8 September 2009, Kruger Park, South Africa
Dear Friends and Family,
South Africa?!? Weren't we just in the Seychelles? Well, yes, Africa doesn't seem to be letting go of us. There's a bit of a story there...
Jon can see clearly now! Binocs help at Pilanesberg NP
We were having a bunch of fun in the Seychelles. We'd run into another cruising family with 3 of the cutest boys you can imagine (8, 10, and 12) and we'd been out playing with them, sharing some meals and visiting a fun open-air street fair. We also did a glorious hike up to the top of a huge rock cliff overlooking the whole north side of Mahe Island.
Then Jon took the dinghy out to Ocelot and noticed flashing lights in the outside corner of his right eye. By the time he got back to the yacht club, he had large spots floating around in front of that eye. The next morning he visited the best optometrist on the island, who said he had a retinal detachment. This is where the light-sensitive layer at the back of the eyeball detaches from the underlying tissue and falls into the middle of the eye. If not treated immediately it can lead to permanent vision loss. But they certainly couldn't do anything about it in the Seychelles. The best and closest treatment was in South Africa.
So we booked tickets to Johannesburg and flew the following Sunday. A friend picked us up at the airport and loaned us a car, and a cousin who lives close to the clinic loaned us a bedroom. On Monday the ophthalmologist-surgeon saw Jon and said that the retina wasn't detached yet, but it was torn and would detach soon if not treated. Apparently the jelly in Jon's eye had shrunk (no saying why) and had torn one of its attachment points. This tore the retina and also a blood vessel - the spots in Jon's eye were blood.
The doctor then used a green argon laser to stitch the tear back down to the underlying tissue to keep it from tearing further and possibly detaching. This was pretty amazing from the inside, as Jon felt he was on the receiving end of about 100 photon torpedo blasts from Star Trek! All relatively painless so no anesthetic needed - pretty amazing technology.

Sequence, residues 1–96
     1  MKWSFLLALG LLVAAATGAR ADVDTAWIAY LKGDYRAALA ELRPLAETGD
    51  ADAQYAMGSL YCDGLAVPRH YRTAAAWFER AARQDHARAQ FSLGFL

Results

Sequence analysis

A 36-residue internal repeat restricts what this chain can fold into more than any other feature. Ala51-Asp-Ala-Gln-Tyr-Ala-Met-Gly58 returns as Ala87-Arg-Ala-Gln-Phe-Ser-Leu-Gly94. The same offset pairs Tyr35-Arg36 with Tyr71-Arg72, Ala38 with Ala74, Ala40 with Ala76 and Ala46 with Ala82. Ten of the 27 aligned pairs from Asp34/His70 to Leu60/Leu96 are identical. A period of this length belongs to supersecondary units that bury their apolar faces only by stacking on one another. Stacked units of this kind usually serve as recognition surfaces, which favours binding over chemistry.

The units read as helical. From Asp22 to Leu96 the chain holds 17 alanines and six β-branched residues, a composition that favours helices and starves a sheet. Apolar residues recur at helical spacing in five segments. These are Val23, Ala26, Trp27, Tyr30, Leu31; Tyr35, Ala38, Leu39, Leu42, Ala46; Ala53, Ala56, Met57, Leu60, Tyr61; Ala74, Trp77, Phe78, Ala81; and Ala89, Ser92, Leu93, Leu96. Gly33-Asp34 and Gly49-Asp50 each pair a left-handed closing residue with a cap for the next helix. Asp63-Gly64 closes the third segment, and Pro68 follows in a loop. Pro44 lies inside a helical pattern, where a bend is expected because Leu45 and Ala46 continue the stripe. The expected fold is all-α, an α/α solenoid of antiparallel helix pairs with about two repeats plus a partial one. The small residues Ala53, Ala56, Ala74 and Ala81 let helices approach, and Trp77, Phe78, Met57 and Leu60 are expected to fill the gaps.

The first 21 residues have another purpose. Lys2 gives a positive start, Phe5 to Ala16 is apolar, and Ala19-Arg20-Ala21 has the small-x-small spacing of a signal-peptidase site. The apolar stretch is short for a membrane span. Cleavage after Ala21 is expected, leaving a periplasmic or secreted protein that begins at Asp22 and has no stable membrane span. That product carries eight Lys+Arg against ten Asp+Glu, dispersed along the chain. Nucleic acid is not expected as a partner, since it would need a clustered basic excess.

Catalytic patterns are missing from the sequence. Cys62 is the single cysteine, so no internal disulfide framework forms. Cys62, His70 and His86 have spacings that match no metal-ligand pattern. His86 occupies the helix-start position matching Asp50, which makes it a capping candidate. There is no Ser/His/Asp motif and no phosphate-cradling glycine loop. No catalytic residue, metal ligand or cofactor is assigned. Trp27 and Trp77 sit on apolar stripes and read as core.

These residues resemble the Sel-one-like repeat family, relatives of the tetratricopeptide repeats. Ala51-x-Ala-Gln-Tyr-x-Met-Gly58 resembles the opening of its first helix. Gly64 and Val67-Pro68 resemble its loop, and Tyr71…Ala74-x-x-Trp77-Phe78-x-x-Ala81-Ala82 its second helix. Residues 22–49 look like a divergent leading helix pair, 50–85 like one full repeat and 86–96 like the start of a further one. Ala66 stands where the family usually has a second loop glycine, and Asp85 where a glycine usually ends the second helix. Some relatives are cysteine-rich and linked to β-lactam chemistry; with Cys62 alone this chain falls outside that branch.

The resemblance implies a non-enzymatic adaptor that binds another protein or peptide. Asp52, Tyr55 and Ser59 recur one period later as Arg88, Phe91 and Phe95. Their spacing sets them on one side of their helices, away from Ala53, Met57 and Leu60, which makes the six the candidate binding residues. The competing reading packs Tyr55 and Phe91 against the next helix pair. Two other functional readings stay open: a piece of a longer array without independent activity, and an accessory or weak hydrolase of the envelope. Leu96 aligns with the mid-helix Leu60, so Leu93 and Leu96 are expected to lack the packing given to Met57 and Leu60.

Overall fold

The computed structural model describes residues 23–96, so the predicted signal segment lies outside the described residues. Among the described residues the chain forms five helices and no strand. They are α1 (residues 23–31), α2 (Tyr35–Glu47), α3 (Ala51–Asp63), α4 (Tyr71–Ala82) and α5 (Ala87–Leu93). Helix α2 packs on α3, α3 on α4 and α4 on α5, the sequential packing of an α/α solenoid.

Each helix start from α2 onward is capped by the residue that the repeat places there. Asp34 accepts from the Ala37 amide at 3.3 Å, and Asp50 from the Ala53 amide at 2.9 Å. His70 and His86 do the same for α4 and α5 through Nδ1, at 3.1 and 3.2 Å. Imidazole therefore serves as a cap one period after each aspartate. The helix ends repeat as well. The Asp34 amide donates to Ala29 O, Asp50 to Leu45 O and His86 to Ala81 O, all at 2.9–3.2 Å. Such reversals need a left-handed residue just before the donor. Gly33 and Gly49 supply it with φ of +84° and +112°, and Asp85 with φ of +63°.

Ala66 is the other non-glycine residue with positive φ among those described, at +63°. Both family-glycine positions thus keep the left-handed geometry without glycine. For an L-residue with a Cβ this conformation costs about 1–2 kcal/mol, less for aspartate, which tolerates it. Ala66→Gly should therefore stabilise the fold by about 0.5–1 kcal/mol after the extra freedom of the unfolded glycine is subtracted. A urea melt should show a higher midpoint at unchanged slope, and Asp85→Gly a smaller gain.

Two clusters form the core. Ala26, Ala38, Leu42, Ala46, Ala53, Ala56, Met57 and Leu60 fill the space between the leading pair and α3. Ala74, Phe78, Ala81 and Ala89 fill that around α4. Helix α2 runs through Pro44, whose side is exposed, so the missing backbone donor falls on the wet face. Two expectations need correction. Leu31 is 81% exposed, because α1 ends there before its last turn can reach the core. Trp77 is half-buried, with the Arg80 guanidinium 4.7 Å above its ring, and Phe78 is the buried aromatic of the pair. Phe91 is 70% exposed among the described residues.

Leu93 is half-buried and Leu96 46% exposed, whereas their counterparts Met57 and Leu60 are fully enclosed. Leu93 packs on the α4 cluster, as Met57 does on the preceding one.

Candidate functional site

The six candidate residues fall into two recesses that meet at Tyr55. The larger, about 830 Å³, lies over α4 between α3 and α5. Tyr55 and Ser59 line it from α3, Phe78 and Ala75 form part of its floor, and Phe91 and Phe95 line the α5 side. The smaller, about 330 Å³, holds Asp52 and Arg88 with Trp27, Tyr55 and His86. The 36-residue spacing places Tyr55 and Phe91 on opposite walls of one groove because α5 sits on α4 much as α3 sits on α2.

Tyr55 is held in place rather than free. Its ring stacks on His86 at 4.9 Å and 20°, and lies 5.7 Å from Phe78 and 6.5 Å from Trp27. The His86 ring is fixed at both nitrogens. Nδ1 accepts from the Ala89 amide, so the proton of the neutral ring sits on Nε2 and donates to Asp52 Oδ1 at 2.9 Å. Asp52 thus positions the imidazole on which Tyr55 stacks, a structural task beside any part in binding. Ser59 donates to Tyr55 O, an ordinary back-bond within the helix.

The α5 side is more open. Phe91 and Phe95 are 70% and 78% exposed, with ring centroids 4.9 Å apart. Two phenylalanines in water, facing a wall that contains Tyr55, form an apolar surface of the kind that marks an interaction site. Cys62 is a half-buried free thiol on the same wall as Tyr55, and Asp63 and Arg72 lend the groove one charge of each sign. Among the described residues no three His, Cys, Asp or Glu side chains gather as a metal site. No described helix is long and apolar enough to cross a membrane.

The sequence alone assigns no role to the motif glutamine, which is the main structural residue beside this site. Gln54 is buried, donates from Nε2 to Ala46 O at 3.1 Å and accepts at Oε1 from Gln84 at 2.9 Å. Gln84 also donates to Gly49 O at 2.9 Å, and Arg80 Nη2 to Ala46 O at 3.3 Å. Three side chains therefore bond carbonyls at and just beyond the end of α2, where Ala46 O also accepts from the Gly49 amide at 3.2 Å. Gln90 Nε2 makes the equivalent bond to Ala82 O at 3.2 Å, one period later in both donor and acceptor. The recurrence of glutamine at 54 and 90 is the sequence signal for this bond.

Giraffe vs Hippo stand-off. MY waterhole!!
But Jon's vision was still largely obscured by the blood, so the next morning he went in for a couple hours of arthroscopic eye surgery under a general anesthetic. Three tiny slits were made in the upper part of his eye for a light, a suction tube, and a replacement water tube. His eye gel (and the obscuring blood) was vacuumed out and replaced with sterile water, the eye was checked for any more tears, and the remaining attachment points were severed to prevent them from tearing in the future. He woke up with an eye that was a bit sore but could see clearly again! The doctor checked it again 5 days later and said it was healing well. The only real problem is that the eye will probably develop a cataract within the next year or two, but that seems to be fairly routine surgery these days (as routine as it ever is carving an eye with a scalpel...)
A cheetah watches his flank after crossing the road
In the meantime, we've had a few days to play. We spent a couple of days in Pilanesberg, a game park 2 hours north of Jo'burg in what was an old volcano 1.5 billion years ago. We saw a rare brown hyena which we hadn't seen before, as well as several other animals that we don't see in our usual haunts, like Red Hartebeest, Black Rhino and Springbok. Sue also added 5 new birds to her ever-growing list. We also visited the "Cradle of Humankind" - the region around Jo'burg where many significant archeological finds have been made. A beautiful, modern museum called "Maropeng" houses some of the skulls and fossils and helps pull together the whole story of human evolution as it is understood to date. This museum would never have been built in the old apartheid days, as then the Dutch Reformed Church ruled, and creationism was the rule.
As I write this, we're outside our "safari tent" in Skukuza camp of Kruger National Park with stars blazing overhead, hyenas snuffling on the other side of the fence, and we can hear the workers village chanting and singing in the distance. We had a great day yesterday - saw all 3 of the big cats. Didn't think today could be as good, but Kruger never ceases to amaze, and we had an awesome day with great birds and elephant herds with tiny young playful elephants.
Tomorrow we return to Jo'burg to bid farewell to Jon's cousin, return the borrowed car, and get ourselves to the airport for a "red-eye special" all-night flight back to the tropics, Ocelot, and the Seychelles.
Fair Winds and Calm Seas -- Jon and Sue
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